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ment of geological and topographical surveys under the government. The national survey has an extremely efficient organization, and is allowed an annual appropriation of over $800,000. It co-operates with the surveys established in many of the states, which are also liberally supported. A botanical garden was begun in Philadelphia by John Bartram in 1728, and is still maintained somewhat as originally planned. A second garden was established in New York city at the beginning of the century by David Hosack, of Columbia university. It became at one time the property of the state, but was not continued. Nearly a hundred years later a great botanical garden has been established in New York city in affiliation with Columbia university. The city has set aside in Bronx park, 250 acres of land— about equal to the area of the Royal botanic gardens at Kew — and liberal sums for construction and equipment have been provided from public funds and by private gifts. The buildings are now being constructed and the grounds laid out under the supervision of the director, Dr. N. L. Britton. The Missouri botanical garden was established at St. Louis in 1889, through a large bequest from Henry Shaw. It possesses over 600 acres, only part of which is required by the garden, while the rest gives an ample endowment. Dr. William Trelease is the director. The garden, which is affiliated with Washington university, issues annual Reports and special Contributions. In addition to a botanical garden at Buffalo, established in 1897, several universities possess botanical gardens, of which by far the most important are the Botanic garden and Arnold aboretum of Harvard university. There are well-arranged gardens, especially for teaching purposes, at the University of Pennsylvania, at the University of California, at Smith college and at the Michigan agricultural college. Lastly the botanic gardens and the gardens of the U. S. department of agriculture at Washington may be mentioned. A vast amount of important scientific and economic work in botany, forestry and agriculture is carried out under the auspices of the department, and plans are being made for the establishment of great botanical gardens at Washington. The Zoological society of Philadelphia began the construction of a zoological garden in Fairmount park in 1872; the collection of animals has been the best in the United States, and scientific research has not been neglected. In 1874 a flourishing zoological garden was established in Cincinnati, and San Francisco, Pittsburg and other cities have recently secured similar foundations. But the most important advance in this direction has been the recent establishment of great zoological parks in Washington and in New York city. The National zoological park was established by act of congress in 1889, was provided with about 166 acres of land and placed under the direction of the Smithsonian institution. The collections are not very extensive, but the large area of the park allows the animals to live under conditions more nearly natural than is usual in zoological gardens. The park is under the scientific direction of Dr. Frank Baker. A menagerie has been maintained in Central park, New York city, since 1860, but one among the notable scientific advances of the city in recent years has been the establishment of a zoological society and the setting aside by the city in 1897 of 261 acres for a zoological park. It is in Bronx park, near the botanical gardens, and is being developed with resources almost unequalled, under the direction of Mr. W. T. Hornaday, with Professor H. F. Osborn of Columbia university as chairman of the executive committee. Biological laboratories, beginning with Louis Agassiz's school at Penikese have enjoyed an important development in the United States. These are maintained during the summer, usually in affiliation with a university, and like the university combine research with instruction. The Marine biological laboratory at Woods Holl, Mass., was incorporated in 1888, and under the direction of Dr. C. O. Whitman has grown continually in size and importance. In the laboratory and in the station of the fish commission at Woods Holl about 1oo investigators are engaged each summer, a larger number of students of biology, probably, than will be found elsewhere in the world. Courses of instruction are also given. There are well-organized marine laboratories at Cold Spring Harbor, Long Island, and on the Bay of Monterey, California. The former is administered by the Brooklyn institute of arts and sciences and is under the direction of Dr. Charles B. Davenport. The latter is part of Stanford university and is directed by members of its faculty. There are at least three important freshwater biological stations conducted, respectively, by the University of Indiana, the University of Illinois and the Ohio state university. Numerous special laboratories have also been established, including stations in Bermuda and the Bahamas. The establishment of a national board of health has often been recommended, but has not as yet been carried into effect. There are, however, numerous state and local boards which carry on important statistical and experimental investigations. We have as yet no well-endowed institutes of pathology or bacteriology, but special laboratories are being founded in connection with municipalities, hospitals and universities. A pathological laboratory has been established for New York state, and it may be expected that the near future will witness a great increase in institutes of experimental and preventative medicine. There is no previous publication covering the ground of this monograph and in its preparation I have been especially indebted to the officers of societies and institutions who have supplied the information needed. The most useful publications of a general character have been: “Preliminary list of American learned and educational societies,” in the report of the commissioner of education for 1893–94; “Catalogue of scientific and technical periodicals,” by Dr. H. Carrington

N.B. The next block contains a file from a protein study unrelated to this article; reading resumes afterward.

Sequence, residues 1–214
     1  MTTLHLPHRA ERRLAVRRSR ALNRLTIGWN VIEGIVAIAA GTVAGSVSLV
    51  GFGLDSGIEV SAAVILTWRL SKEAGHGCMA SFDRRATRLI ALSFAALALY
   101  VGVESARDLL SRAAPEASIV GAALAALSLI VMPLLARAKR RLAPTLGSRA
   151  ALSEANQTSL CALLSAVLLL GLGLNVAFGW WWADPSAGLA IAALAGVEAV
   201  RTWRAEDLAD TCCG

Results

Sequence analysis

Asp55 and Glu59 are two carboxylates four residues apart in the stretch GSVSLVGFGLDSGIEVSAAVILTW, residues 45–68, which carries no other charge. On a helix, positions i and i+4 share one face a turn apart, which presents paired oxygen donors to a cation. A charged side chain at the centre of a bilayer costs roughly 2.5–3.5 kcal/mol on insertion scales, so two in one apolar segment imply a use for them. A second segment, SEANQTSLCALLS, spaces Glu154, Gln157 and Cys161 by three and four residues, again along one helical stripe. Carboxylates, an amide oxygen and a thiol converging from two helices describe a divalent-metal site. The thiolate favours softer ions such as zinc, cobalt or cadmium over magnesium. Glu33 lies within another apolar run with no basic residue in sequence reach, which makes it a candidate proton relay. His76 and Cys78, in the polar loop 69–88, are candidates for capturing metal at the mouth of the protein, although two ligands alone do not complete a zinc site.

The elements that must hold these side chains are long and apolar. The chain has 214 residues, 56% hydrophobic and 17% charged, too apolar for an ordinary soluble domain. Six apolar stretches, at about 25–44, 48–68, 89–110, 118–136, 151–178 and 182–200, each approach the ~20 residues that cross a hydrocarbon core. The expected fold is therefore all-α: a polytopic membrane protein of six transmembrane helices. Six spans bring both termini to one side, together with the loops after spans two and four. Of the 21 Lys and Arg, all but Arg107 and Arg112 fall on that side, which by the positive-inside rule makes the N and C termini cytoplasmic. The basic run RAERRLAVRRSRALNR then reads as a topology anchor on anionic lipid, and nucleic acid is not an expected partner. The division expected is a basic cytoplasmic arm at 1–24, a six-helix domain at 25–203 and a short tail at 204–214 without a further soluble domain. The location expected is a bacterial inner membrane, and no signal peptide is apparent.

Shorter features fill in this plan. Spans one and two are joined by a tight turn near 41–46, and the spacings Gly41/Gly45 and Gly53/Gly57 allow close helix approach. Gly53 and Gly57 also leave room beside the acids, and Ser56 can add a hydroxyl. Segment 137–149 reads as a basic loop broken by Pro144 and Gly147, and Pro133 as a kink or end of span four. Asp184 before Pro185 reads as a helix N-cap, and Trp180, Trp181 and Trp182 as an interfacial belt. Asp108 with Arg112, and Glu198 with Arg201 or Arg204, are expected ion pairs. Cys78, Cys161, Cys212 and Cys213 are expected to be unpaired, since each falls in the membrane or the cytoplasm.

Bolton, published by the Smithsonian institution; and “Minerva, Jahrbuch der gelehrten Welt,” published at Strasburg.

For The

UNITED STATES Commission to THE PARIs Exposition of 190o

M ONO G R A PHS ON E D U CATION

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NICHOLAS MURRAY BUTLER Professor of Philosophy and Education in Columbia University, Wew York

18

EDUCATION OF THE NEGRO

by

BOOKER T. WASHINGTON

Principal of the Tuskegee Institute, Tuskegee, Alabama

THIS MONOGRAPH IS contributed To the UNITED STATES EDUCATIONAL ExhibiT BY THE STATE of New York